The Rise of Human Capital and Engagement

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The evolving employee.

Design Topic

In the not-so-distant past, human capital was defined in limited, objective terms. The benefits in terms of effectiveness, agility, and culture were part of an intangible class of assets. In the contemporary workplace, there is now a serious focus on employee engagement, pushing human capital into a more holistic definition that takes into account the ways in which an individual worker is the essential component of organizational performance. Rex Miller, our guest speaker for the meeting, pointed out in his book Change Your Space, Change Your Culture that people are the most powerful untapped potential in the workplace. Today, human capital is defined as the human potential, accumulated knowledge, creativity, and cultural strength that a company can leverage to move forward. Though we have seen and participated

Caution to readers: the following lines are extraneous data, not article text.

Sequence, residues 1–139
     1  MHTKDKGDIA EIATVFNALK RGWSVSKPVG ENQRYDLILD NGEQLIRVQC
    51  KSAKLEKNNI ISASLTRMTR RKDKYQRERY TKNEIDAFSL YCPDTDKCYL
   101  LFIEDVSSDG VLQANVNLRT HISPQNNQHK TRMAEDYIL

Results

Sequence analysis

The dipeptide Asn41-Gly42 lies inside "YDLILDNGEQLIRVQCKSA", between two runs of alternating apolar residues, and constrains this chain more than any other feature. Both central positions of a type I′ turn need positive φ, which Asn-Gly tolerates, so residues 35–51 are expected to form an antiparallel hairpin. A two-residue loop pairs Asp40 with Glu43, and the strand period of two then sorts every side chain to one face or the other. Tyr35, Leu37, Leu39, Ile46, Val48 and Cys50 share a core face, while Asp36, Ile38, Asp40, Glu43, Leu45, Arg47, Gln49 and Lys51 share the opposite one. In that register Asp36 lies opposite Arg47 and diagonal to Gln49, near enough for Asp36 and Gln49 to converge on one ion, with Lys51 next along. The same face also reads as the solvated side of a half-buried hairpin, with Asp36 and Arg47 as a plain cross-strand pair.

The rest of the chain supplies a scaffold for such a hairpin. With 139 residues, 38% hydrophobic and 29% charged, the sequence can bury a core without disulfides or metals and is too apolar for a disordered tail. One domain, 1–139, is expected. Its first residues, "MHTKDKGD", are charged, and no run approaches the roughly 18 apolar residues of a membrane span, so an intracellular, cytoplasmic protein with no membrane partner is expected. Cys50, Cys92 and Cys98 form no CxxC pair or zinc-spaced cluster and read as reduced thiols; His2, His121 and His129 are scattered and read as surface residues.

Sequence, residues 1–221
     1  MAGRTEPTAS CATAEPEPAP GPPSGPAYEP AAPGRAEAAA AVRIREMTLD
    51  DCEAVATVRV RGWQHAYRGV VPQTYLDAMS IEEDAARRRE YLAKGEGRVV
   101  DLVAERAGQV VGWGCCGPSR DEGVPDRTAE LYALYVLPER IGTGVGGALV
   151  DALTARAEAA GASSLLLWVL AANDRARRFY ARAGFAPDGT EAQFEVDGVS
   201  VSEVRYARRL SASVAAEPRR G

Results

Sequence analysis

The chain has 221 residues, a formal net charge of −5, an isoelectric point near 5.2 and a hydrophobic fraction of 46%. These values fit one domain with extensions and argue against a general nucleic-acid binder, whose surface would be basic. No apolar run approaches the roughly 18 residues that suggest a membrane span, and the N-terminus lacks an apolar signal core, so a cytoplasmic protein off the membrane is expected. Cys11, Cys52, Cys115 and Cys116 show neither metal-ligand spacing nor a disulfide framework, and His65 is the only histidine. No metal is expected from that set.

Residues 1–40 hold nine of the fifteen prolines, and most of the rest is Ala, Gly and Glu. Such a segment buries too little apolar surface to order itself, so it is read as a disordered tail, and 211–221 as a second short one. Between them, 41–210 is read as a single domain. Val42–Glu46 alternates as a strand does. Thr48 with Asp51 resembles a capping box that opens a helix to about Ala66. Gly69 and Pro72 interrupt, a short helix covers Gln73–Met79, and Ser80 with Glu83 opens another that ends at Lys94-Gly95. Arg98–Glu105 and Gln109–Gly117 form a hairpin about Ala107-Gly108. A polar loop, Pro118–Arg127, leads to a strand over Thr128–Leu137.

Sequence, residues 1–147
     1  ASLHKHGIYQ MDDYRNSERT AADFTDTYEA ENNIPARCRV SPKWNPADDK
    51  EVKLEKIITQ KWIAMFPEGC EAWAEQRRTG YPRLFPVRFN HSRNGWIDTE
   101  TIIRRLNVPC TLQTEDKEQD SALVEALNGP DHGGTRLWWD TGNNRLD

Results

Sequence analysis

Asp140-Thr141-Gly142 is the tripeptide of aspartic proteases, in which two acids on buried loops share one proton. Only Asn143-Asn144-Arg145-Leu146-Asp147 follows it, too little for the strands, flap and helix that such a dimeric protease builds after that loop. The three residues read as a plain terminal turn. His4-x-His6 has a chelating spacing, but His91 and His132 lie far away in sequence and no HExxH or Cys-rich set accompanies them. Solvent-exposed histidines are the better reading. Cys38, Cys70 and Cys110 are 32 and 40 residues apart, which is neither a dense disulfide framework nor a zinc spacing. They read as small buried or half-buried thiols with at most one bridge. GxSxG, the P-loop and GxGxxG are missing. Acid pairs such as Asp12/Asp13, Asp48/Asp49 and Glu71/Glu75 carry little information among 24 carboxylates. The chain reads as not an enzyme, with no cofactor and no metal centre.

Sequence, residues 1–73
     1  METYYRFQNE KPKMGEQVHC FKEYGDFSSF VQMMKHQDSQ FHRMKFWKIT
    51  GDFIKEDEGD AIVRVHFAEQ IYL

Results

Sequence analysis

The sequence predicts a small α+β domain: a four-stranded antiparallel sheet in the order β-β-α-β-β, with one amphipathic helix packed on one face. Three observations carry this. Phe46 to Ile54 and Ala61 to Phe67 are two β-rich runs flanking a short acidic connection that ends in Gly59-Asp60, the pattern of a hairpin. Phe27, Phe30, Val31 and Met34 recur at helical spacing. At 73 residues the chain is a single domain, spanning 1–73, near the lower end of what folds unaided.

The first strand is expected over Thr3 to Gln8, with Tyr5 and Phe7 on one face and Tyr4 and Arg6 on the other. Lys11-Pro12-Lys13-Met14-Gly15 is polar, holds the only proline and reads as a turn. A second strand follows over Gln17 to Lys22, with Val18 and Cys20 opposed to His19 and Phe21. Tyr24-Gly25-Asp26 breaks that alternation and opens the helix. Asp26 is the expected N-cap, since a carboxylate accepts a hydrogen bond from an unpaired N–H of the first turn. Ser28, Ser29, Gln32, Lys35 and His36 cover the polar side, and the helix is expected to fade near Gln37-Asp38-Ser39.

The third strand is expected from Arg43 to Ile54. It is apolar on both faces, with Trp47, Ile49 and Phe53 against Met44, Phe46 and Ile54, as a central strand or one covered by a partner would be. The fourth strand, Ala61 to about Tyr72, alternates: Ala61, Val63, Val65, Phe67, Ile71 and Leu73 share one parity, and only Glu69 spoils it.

in this shift for some companies, we were still surprised at what we learned from our Client Advisory Board’s spectrum of 16 companies, ranging in size from Fortune 10 to regional charitable organizations.

This year, the meeting took place at GoDaddy — a workplace environment packed with energy, fun, and innovation. Honestly, when we arrived at GoDaddy we thought one thing about human capital — which its raw force is what unleashes a company’s potential. However, we came out the other side realizing the true indicator of the potential around human capital is an organization’s ability to adapt, and specifically, to navigate change management.

This piece represents our best attempt to take you on our journey and hear from the many voices at the table.

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Specialists

Mark Adams
Corporate Interiors

Mark  Adams

Juhee Cho
Corporate Interiors

Juhee Cho

Arnold Levin
Workplace Strategist

Arnold Levin

Lise Newman
Workplace Leader

Lise  Newman